In his speech on Monday, the president asked us to make our voices heard on the debt ceiling debate by contacting our elected officials. If you don't know how - or even who they are - here's what to do.
On Monday night, the President asked all of us to make our voices heard by contacting our Congressional representatives to let them know we support a more “balanced approach” to dealing with the nation’s debt ceiling.
Apparently, a lot of us are doing exactly that. From the Wall Street Journal’s live blog on the debt battle:
Telephone calls and email messages are flooding into the Capitol, overwhelming the phone system and computer servers Tuesday morning after President Barack Obama urged voters to call and email Congress last night to support the Democrats’ debt ceiling plan.
An internal email sent to U.S. House Offices noted “House Telephone Circuits Near Capacity” and told users, “Due to the high volume of external calls, House telephone circuits serving 202-225-XXXX phone numbers are near capacity resulting in outside callers occasionally getting busy signals.”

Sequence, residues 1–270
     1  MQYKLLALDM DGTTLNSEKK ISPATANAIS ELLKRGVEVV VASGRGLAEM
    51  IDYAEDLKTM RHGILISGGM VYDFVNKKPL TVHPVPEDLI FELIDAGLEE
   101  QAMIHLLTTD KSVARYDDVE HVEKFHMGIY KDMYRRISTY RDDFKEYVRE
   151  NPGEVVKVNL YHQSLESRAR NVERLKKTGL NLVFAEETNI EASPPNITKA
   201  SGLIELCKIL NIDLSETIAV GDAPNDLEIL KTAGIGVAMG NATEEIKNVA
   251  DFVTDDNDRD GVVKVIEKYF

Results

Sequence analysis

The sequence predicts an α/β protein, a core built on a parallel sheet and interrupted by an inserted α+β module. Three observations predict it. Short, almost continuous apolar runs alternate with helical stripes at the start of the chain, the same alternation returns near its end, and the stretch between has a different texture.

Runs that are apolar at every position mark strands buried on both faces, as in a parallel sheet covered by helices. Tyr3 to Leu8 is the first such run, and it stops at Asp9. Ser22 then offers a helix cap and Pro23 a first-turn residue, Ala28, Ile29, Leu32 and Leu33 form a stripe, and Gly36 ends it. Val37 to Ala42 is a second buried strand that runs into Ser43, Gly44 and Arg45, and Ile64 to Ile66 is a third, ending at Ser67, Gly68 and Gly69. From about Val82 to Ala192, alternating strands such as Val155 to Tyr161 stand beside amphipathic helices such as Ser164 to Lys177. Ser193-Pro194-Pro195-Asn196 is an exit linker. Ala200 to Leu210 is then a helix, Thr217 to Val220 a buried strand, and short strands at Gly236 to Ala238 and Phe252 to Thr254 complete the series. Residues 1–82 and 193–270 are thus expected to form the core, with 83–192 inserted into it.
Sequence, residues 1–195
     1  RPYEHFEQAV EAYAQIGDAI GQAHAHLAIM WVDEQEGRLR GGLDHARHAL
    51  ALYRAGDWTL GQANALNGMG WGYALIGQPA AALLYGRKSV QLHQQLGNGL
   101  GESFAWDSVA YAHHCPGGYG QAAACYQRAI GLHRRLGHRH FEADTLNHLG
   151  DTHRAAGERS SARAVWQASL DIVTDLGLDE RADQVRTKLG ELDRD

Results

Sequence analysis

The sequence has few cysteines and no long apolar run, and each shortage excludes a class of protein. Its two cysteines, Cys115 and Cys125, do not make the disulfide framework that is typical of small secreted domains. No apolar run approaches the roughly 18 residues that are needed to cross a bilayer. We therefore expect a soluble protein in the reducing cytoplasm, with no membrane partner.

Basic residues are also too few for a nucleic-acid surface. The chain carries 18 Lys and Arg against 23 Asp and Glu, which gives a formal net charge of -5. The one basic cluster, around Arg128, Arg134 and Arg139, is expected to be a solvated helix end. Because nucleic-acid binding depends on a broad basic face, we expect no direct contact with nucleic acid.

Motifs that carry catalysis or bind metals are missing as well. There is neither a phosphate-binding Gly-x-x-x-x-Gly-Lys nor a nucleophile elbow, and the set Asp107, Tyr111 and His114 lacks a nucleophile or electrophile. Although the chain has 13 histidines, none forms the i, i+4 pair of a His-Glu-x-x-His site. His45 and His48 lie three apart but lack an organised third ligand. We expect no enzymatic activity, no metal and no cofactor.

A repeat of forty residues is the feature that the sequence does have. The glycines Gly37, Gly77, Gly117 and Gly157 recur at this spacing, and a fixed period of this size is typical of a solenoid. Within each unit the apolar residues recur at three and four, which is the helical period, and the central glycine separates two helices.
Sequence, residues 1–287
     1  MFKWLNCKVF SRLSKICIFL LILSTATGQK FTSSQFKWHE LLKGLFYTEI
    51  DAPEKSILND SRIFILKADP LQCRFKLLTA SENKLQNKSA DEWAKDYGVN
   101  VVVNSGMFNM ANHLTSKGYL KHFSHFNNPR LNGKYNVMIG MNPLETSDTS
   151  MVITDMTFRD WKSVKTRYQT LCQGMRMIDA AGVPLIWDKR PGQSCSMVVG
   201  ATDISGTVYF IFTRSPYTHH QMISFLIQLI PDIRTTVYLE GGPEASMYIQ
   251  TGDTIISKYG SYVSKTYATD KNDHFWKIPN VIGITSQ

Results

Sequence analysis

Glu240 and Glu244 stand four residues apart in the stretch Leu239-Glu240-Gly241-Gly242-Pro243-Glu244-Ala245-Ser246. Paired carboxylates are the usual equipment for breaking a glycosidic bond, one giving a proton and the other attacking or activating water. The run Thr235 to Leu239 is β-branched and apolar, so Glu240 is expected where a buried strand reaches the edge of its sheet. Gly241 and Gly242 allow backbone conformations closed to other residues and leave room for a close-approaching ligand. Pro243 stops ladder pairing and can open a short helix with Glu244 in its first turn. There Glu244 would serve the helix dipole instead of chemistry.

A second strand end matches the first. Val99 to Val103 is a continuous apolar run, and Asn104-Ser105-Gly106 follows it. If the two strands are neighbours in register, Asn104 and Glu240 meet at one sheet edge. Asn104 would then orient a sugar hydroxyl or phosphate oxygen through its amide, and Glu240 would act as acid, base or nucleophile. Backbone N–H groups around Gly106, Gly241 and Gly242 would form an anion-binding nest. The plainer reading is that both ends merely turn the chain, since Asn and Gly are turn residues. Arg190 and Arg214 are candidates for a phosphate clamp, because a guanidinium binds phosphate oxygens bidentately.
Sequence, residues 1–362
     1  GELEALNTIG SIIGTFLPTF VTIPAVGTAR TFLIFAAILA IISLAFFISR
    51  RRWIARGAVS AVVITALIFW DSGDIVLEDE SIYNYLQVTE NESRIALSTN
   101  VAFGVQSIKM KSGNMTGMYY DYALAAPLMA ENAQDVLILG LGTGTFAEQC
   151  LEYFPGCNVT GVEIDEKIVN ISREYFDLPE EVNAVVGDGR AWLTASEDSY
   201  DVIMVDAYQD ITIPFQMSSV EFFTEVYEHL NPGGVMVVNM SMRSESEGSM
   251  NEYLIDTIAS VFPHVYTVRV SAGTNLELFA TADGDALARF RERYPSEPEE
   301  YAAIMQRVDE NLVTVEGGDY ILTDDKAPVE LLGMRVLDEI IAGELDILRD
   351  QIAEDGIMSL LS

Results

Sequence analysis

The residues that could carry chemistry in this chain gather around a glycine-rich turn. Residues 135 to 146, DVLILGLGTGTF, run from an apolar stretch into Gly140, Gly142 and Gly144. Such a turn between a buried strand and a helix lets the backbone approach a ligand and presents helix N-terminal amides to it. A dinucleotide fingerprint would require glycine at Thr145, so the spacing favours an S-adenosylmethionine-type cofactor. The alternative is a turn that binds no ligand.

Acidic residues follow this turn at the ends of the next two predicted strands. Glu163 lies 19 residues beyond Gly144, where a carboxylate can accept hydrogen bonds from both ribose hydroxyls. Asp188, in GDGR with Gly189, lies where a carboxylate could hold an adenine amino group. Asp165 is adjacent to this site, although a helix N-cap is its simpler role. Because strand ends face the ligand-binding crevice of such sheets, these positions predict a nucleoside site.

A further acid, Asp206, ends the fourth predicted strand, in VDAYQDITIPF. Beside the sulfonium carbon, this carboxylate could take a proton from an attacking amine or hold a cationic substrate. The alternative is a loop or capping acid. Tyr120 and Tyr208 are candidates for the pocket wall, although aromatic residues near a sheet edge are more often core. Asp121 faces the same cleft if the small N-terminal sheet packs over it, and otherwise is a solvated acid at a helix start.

If you’re like me, you’re hopping mad that our elected officials are creating a problem where none need exist. (See my Monday story Follow the Debt Debate.) But maybe you’re not sure how to contact your representatives, or even who they are.
No problem: Uncle Sam has you covered. If you go to this page of USA.gov, you can get contact information for the White House, Senate, and House of Representatives. Not sure who your representatives are? Just input your zip code and the site will tell you.
In addition to offering phone numbers, these links will also allow you to send an email – probably a better idea given the volume of calls flooding in.
This is a big country and it’s easy to feel like a lone voice in the wilderness, but take it from someone who was alive when Viet Nam war protests were sweeping the country: your voice can actually change things. Use it!